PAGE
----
According to the theory, as interest rates are not an appropriate tool to centrally control the economy, government spending itself should take over this role. Since MMT grants that a government’s printing power is unlimited, deficit spending is seen as having an exclusively positive impact on the economy. Therefore, they should do more of it to solve all kinds of problems. For example, to manage employment figures, MMT proposes a government-funded job guarantee, where the state is the employer of last resort, aiming at full employment. As prominent MMT supporter and Bernie Sanders advisor, Stephanie Kelton, put it: “Unemployment is evidence that the deficit is too small”.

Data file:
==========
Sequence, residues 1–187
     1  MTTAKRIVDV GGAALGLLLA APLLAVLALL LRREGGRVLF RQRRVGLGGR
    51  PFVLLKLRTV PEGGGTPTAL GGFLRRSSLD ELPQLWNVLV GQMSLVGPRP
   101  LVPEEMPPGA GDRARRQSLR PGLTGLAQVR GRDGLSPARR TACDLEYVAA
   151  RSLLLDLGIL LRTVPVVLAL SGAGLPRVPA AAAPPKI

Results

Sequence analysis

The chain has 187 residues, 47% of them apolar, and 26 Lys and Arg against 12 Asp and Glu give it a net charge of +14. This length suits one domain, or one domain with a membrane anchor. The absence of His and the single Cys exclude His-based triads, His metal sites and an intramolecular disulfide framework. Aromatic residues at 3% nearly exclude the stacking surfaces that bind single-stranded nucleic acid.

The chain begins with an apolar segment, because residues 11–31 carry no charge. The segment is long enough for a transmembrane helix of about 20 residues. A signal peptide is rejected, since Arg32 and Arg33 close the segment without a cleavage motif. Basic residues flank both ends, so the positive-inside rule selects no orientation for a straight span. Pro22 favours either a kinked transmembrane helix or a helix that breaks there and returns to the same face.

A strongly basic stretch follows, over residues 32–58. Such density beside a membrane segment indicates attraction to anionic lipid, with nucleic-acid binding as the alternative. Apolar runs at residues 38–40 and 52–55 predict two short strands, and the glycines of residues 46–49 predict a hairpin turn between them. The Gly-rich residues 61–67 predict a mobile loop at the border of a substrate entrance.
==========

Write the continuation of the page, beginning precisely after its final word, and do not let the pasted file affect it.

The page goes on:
While the political appeal of the theory might already be becoming apparent, the real ace up the sleeve of MMT is that, unlike any other left-leaning economic approach, it does not require enormous tax hikes to pay for all the ambitious political visions of its supporters. For MMTers, since the primary income stream comes from printing money at will, taxation in general is just an offsetting tool to keep inflation under control, when and if it is necessary. As for taxing the rich, in particular, it is not really a fiscal necessity, but a mere social and moral one in order to close the inequality gap. This rare combination of promising both high government spending and low taxes is a political silver bullet. Through the lens of MMT, grand designs, expensive government projects, large-scale benefits programs and even solutions to global problems can be promoted as not only fiscally feasible, but also as a “win-win” proposition to the taxpayer.